It is difficult to tell how much the competition among major powers will escalate, but the ADMM-Plus could continuously contribute to regional stability by accommodating the dynamics between the superpowers and other extra-regional actors. Although the overall Sino-US competition would be greater than what the ADMM-Plus can handle, these two superpowers have other issues on which to meet such as Northeast Asia and Taiwan Strait, thus taking some pressure off from ADMM-Plus. Overall, these superpowers’ contention for Southeast Asia could be manageable for the regional security architecture. It would not be pleasant for Southeast Asian countries and their partners to see the ADMM-Plus involved in the power rivalry, but the ASEAN principle of inclusiveness could be further applied for containing and managing the competition for influence between the superpowers.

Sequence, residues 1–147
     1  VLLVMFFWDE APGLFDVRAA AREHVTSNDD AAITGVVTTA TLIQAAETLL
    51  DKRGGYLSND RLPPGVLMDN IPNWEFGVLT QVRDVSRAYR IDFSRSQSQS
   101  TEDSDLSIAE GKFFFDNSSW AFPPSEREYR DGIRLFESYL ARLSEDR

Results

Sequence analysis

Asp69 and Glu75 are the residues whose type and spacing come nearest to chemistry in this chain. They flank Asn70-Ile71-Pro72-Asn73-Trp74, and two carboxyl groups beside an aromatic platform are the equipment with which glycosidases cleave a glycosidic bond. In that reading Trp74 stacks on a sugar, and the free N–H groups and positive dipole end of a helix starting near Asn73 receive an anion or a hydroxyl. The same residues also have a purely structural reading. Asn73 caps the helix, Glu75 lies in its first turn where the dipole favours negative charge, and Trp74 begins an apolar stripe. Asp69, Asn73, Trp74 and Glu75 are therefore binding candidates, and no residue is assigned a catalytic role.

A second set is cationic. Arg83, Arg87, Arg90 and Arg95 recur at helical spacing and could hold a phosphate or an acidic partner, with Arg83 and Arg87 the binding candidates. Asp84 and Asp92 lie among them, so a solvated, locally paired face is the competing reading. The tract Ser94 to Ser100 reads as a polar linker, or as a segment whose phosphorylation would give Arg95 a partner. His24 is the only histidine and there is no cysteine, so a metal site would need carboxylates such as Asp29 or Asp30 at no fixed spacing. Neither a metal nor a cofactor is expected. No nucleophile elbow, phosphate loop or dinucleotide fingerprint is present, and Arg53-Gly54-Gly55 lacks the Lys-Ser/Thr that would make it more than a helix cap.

Dr Shang-su Wu is a research fellow of the Regional Security Architecture Programme at the Rajaratnam School of International Studies, at Nanyang Technological University in Singapore.